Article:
The way our organization is designed can be an enormous help or it can be a complexity machine that kills our agility and responsiveness to our external environment. Does any of this sound familiar: unclear roles, unclear structures, inter-team/departmental conflicts, many levels of management, many people reporting to one manager, many concurrent matrixes, unclear decision paths. What often happens is that the organization gets stuck in trying to navigate its internal structures and fails to devote sufficient focus and energy on external matters.

We expect strategy to tell us where we need to go in a clear and easy to understand manner, perhaps as a short set of simple rules to guide activities. However, often strategy becomes an over-thought and under-communicated muddle with too much focus on internal challenges and too little focus on the external environment. Some organizations have several simultaneous, but not necessarily coordinated, strategies. Other organizations make so frequent changes to their strategies that no-one is really sure what the current strategy is. Lack of clear and consistent strategy brings frustrations and not results.

If you have ever done process analysis, chances are more than good that you have come across a good deal of inefficiencies and unnecessary complexity. When taking the broader, organization-wide perspective, it is quite common to find process duplication across different teams/departments/divisions. Many processes have also been tinkered with and over-engineered for tasks that are actually pretty straight forward. Of course there are also all the special cases that occur once in a blue moon and deal with a very, very limited set of input- but none the less a special process has been put in place to deal with these special cases. Decluttering processes in number, variants and process steps will lighten the internal complexity load a good deal.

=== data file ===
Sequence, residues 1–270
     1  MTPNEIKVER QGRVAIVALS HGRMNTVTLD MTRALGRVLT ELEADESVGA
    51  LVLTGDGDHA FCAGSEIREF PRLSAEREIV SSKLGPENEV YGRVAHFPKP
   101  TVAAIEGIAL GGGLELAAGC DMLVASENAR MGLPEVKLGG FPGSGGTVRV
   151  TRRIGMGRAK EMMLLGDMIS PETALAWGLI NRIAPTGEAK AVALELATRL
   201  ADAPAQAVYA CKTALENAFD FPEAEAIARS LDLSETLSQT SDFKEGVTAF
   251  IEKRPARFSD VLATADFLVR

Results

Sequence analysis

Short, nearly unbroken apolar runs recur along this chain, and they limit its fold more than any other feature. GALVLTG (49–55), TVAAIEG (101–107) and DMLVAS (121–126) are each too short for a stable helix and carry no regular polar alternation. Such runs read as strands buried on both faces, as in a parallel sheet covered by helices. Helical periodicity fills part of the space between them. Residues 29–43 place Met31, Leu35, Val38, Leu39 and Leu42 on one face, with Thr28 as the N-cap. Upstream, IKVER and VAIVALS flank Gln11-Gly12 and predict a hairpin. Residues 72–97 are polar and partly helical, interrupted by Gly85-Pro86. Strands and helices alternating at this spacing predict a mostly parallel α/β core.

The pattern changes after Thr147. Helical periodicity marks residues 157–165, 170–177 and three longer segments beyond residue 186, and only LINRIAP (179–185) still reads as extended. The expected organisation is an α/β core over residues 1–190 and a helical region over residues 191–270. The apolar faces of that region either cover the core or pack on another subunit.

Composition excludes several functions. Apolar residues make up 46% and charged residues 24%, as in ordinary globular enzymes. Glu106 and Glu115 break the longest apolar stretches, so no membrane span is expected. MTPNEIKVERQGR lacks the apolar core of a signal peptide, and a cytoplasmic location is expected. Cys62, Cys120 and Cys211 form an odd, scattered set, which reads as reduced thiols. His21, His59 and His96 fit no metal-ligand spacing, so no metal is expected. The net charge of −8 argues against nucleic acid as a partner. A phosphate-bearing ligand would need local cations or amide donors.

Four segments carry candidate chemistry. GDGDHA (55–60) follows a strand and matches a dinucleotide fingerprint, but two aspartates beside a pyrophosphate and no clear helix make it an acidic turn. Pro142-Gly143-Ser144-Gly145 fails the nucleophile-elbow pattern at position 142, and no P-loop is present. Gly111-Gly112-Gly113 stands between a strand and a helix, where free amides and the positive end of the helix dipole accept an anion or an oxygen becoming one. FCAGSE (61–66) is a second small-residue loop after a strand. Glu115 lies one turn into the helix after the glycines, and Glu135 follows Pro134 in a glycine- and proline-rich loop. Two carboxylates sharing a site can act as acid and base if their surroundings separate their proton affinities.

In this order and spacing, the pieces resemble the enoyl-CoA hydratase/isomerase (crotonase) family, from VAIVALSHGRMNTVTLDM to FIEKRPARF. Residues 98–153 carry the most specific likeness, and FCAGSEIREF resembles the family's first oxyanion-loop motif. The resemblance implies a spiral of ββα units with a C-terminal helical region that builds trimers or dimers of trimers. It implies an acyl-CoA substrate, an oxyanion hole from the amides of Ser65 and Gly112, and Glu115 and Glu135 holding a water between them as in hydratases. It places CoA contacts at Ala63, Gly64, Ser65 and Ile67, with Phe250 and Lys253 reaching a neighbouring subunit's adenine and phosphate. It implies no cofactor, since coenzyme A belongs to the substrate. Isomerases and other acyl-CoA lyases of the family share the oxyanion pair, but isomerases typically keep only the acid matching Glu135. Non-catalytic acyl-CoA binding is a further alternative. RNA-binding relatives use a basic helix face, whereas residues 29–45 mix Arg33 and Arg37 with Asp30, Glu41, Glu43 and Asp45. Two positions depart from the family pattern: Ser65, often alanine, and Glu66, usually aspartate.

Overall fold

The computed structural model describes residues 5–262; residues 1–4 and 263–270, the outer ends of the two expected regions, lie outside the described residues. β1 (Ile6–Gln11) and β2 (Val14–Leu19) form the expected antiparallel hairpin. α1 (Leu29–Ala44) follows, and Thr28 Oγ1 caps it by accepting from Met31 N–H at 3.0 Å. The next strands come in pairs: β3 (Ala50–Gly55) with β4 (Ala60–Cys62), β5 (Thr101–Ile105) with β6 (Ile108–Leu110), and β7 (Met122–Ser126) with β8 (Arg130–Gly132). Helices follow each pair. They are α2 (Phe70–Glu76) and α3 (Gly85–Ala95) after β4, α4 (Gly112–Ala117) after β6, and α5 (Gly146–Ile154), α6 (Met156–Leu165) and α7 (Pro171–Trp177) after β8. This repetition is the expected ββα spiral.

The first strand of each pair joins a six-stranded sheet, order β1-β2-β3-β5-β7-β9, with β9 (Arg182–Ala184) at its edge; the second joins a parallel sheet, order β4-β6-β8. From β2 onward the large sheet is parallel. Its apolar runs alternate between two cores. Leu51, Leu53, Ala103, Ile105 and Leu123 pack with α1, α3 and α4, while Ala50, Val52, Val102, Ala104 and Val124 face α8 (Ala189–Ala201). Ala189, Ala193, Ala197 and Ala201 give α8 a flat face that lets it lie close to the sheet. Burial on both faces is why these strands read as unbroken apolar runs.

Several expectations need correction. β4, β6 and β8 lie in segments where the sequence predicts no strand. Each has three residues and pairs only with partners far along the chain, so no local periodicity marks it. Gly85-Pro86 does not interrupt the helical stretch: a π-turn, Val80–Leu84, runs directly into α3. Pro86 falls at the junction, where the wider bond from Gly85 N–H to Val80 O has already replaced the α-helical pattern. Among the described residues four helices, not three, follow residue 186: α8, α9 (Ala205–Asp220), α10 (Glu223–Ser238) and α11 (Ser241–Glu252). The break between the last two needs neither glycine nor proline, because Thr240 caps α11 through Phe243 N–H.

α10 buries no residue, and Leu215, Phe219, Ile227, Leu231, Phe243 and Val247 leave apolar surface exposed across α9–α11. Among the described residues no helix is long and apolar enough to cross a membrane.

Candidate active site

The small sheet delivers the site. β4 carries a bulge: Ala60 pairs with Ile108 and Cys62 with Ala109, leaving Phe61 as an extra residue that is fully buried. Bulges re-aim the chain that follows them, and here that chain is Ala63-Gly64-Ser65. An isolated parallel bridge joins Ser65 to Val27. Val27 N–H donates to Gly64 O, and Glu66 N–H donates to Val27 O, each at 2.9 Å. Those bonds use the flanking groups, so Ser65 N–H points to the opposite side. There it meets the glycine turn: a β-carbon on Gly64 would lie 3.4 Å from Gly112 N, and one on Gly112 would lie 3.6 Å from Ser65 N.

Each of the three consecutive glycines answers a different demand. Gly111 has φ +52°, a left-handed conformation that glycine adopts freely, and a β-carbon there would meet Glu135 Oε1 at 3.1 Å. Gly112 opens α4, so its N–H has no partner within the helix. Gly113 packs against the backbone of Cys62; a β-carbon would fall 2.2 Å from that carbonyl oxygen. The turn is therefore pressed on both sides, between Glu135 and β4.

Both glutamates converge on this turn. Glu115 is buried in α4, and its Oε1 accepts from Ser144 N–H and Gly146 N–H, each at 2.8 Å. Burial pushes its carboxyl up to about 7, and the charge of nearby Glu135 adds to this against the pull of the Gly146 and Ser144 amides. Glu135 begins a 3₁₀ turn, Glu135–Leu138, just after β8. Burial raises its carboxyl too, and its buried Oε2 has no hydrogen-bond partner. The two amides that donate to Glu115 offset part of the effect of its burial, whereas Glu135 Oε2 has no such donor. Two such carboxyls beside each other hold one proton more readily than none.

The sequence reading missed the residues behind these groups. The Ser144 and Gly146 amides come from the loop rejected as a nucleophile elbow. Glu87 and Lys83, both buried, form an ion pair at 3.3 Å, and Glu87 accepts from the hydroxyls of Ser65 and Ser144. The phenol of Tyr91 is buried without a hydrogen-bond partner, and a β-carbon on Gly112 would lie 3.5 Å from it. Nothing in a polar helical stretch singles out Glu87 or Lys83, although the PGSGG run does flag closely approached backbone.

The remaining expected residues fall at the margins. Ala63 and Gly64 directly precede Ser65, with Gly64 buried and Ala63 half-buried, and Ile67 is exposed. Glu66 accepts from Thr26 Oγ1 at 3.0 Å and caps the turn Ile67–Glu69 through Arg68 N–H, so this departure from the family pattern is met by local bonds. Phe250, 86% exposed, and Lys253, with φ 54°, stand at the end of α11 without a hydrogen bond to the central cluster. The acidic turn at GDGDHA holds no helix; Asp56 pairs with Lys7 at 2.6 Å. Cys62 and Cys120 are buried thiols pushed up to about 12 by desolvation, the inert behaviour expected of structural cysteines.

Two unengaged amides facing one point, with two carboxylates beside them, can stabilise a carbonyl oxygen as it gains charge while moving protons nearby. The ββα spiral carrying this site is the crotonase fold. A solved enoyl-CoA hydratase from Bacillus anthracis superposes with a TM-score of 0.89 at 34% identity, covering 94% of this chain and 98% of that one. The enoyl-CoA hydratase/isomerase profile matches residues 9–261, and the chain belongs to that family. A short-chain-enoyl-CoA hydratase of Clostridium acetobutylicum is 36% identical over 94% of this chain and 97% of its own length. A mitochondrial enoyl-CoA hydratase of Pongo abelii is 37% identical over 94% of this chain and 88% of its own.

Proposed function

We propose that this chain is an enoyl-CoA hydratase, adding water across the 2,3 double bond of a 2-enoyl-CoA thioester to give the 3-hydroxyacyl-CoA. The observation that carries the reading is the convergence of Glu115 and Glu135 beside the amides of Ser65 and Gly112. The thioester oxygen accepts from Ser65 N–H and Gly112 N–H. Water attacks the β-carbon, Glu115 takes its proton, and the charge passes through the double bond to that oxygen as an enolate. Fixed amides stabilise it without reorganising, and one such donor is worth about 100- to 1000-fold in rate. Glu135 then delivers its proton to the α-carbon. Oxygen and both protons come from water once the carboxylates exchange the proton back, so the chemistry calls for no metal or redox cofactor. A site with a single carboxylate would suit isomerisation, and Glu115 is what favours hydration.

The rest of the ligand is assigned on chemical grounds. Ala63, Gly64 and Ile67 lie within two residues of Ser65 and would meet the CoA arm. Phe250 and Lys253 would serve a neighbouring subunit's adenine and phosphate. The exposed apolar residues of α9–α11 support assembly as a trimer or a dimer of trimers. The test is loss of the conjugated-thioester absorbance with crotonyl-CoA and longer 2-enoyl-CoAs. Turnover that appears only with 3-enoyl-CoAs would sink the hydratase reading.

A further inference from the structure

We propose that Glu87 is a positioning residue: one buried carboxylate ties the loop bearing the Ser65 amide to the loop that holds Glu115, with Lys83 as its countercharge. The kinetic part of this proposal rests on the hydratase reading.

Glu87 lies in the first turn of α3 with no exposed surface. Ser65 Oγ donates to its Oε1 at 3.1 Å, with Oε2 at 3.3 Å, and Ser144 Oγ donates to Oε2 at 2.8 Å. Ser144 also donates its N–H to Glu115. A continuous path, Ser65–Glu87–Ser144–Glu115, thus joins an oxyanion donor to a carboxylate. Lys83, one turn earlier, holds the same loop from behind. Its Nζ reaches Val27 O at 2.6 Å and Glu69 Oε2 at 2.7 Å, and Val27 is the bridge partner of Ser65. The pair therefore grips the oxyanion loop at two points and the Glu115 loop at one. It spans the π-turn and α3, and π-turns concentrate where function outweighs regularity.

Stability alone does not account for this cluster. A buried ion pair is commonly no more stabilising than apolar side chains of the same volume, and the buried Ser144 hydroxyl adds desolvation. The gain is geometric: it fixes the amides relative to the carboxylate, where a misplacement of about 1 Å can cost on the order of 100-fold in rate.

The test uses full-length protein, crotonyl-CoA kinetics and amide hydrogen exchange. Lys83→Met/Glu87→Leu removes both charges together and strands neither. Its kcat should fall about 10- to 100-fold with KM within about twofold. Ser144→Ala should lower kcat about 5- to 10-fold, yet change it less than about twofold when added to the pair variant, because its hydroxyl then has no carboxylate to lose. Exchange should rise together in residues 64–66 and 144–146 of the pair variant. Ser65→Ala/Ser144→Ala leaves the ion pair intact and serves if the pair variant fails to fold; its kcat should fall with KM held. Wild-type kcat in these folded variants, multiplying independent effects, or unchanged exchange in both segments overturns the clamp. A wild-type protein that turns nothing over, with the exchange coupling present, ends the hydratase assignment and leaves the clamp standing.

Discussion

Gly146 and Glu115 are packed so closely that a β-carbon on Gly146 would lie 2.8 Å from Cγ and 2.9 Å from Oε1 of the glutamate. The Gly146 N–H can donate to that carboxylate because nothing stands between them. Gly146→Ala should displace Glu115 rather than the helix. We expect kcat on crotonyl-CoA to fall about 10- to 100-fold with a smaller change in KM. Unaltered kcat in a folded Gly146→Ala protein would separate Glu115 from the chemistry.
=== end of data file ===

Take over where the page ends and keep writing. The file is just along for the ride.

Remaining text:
Over time an organization may grow a somewhat bloated portfolio of products and services. This may happen if the organization does not focus on retiring products and services. It may happen if the organization creates many variants to suit many different markets and customer segments. Each product/service and each variant adds complexity to the value chain. However, the profits an organization makes tend to come for the largest part from a very small number of products and variants. These should be the products and services that the organization focuses on while trimming away as much of the rest as feasible.


Life in overly complex, internally oriented organizations tends to be a lot more frustrating than life in organizations that keep internal matters as simple as feasible and instead focus on dealing with external complexity: the customers, the partners, the competition and regulation. Externally oriented organizations also tend to find it easier to thrive in our ever-changing world, because they tend to be more nimble and can respond faster to customers, partners, competition and regulations.

In order to put our organization in the best possible position to grow and thrive, we need to be ever vigilant against inward oriented complexities resulting from our product and services catalog, our processes, our strategy, our organization and the people that are part of our organization. Whenever, we want to add to internal areas, we need to ask ourselves the questions: how will this help us in our externally oriented tasks and what is the simplest way we can achieve what we need. Finally, we must be prepared to prune internal activities that no longer provide value.